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Lions Roar : November 2013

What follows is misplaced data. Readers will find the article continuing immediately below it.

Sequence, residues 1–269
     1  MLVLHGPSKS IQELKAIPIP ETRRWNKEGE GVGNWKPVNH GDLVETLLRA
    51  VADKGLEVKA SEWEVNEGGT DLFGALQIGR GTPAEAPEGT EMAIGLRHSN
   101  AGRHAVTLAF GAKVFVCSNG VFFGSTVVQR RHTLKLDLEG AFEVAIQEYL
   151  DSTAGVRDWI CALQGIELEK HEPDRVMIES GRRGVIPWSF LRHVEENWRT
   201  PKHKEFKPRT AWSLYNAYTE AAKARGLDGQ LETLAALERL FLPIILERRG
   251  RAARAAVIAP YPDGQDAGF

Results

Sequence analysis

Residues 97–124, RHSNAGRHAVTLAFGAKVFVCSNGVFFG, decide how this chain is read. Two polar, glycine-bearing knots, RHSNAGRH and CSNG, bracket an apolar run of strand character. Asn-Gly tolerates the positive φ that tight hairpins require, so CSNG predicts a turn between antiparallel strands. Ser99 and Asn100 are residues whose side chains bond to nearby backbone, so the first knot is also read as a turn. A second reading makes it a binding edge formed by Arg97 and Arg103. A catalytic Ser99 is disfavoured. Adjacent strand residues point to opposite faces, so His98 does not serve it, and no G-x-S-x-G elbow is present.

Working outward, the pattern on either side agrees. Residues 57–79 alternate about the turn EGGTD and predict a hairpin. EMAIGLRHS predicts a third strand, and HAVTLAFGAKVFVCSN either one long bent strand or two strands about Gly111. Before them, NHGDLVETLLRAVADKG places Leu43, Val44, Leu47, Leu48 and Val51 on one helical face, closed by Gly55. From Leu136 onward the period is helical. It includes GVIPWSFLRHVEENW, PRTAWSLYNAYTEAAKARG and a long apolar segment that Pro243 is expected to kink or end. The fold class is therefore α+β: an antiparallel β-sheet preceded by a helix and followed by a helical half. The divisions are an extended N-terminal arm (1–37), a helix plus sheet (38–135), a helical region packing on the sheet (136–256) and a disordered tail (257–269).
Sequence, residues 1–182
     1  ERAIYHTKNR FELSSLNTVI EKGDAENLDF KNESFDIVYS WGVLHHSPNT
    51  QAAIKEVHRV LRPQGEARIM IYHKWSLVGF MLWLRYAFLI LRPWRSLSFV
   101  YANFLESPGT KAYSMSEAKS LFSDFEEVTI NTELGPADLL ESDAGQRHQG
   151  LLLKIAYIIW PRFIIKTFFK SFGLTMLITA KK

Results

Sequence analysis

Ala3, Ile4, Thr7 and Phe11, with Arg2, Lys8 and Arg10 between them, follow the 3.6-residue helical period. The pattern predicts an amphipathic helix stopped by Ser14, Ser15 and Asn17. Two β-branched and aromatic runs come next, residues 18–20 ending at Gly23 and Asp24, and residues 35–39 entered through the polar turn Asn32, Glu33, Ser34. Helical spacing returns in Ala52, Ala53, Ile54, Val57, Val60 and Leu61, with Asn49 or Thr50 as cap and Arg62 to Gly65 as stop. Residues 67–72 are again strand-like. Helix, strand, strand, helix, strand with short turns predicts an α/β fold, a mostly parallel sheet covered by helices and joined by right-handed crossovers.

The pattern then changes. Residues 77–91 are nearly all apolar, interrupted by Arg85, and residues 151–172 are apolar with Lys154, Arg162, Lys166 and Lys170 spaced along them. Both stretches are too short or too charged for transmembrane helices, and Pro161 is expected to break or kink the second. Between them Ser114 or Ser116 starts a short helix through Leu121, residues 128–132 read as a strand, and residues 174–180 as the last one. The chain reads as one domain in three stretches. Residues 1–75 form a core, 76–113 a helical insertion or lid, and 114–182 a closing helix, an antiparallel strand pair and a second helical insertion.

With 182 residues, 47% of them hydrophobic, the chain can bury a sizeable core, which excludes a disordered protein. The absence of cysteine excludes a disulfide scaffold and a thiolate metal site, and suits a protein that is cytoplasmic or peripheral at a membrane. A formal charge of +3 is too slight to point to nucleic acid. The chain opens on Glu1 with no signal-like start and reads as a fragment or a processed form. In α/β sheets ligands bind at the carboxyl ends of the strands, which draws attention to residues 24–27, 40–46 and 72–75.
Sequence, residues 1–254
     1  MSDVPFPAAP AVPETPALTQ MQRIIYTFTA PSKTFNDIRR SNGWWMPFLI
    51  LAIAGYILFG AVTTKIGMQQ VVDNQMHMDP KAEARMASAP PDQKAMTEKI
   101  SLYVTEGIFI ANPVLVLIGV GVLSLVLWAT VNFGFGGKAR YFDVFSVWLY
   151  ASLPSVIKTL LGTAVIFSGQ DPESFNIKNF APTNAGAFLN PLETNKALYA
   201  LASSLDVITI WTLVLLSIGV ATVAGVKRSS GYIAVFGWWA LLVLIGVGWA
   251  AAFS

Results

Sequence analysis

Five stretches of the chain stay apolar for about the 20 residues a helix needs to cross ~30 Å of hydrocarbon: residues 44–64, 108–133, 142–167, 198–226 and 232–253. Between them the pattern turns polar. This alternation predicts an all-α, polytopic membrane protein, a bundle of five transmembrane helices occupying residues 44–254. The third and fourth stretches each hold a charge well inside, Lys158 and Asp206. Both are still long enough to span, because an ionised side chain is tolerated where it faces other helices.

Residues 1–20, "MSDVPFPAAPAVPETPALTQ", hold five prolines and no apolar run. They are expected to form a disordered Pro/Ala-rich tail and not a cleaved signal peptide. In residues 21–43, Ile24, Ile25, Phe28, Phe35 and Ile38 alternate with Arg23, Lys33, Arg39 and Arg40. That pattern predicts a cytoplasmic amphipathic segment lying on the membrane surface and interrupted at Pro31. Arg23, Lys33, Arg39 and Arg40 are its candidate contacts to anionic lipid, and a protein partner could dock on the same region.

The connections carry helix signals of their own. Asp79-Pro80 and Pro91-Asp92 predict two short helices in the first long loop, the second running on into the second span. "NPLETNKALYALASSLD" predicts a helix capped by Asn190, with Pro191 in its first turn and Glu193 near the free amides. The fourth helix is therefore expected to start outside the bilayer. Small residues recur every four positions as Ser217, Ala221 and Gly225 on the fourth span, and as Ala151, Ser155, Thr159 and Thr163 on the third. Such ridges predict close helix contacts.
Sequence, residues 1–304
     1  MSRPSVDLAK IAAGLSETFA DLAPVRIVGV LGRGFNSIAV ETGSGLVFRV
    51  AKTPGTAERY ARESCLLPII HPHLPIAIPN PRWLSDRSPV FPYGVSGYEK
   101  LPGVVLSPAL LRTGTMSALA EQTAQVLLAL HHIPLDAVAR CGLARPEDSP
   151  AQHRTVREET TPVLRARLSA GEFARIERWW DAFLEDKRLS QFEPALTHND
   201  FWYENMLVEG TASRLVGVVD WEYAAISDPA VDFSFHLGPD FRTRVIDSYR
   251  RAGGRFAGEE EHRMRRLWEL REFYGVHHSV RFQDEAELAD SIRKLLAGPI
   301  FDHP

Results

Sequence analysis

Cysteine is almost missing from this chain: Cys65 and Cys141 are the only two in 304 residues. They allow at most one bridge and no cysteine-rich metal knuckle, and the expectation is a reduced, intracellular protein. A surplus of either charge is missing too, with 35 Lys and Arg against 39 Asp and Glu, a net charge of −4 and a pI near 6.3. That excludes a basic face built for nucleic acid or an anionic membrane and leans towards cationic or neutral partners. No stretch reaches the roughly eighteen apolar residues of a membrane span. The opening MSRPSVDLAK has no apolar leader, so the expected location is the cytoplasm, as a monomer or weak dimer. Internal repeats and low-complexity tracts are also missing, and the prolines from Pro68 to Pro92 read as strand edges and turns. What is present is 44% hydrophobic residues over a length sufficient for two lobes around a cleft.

Fearless and Inquisitive Sarah Silverman Silverman doesn’t need to feel sheepish about not knowing much about Buddhism. After all, she has said, “I have no religion” and has described herself as “very Jewish” culturally. What’s interest- ing, though, is that her work and life nonetheless point to a raft of qualities that Buddhist practitioners try to cultivate. In fact, a surprising number of comics express values that are consistent with the essence of the Buddhist teachings. On stage and in her writing, Silverman is fearless and inquisi- tive, taking on religion and sexuality and injustice and identity with abandon. She doesn’t hide from the suffering in her own life, either. The very title of her 2010 autobiography immediately telegraphs its author’s willingness to put it all out there when it comes to the truth about herself: It’s called The Bedwetter. She seems to have developed a nice relationship with reality, too, and a sense of compassion. (A Silverman tweet from June reads, “My religion is science, nature & love love love.”) She believes in and works for social justice and political fair play. And then there’s that sense of humor, that ability to laugh at all of it, which many a dharma teacher will tell you is fundamental to Buddhist practice. The Buddha talked about spiritual friendship, of the value of having “admirable people as friends, companions, and com- rades.” Spiritual or not, someone like Sarah Silverman sure comes across as being genuine, being boundless, being herself. That is, she comes across as a dharma practitioner’s comrade. What’s the deal with that? It Hurts to Laugh Jerry Seinfeld & Larry David As blowhard TV producer Lester (Alan Alda) opines in Woody Allen’s Crimes and Misdemeanors: “Tension, pain, and craziness... that’s the first part of comedy.” Yes, and it’s the first part of the capital-T Truth of the dharma, too: Existence, by its very nature, is pervaded with suffering and unsatisfactoriness. But where Lester went on to say that “comedy is tragedy plus time” (nicking the line from Carol Burnett), the dharma doesn’t wait around for time to catch up. Neither does a good, brave comedian. That’s why “Too soon?” is a favorite, effective rejoin- der to overly sensitive audience members. It’s like saying, “Really, you ninnies? If you’re going to groan at this true thing I’m say- ing, how are you going to deal with life?” (And dealing with life is what the next three truths of the dharma are about.) Great comedians are often great, at least in part, because they’re willing to speak to us in this way. Genuinely. About what matters. But what really matters? In the great scheme of things, can Jerry Seinfeld’s well-chewed airplane peanuts really be worth commenting on? Maybe not. Sometimes, what matters to PHOTOBYLYDIAMARCUS/WWW.LYDIAMARCUS.COM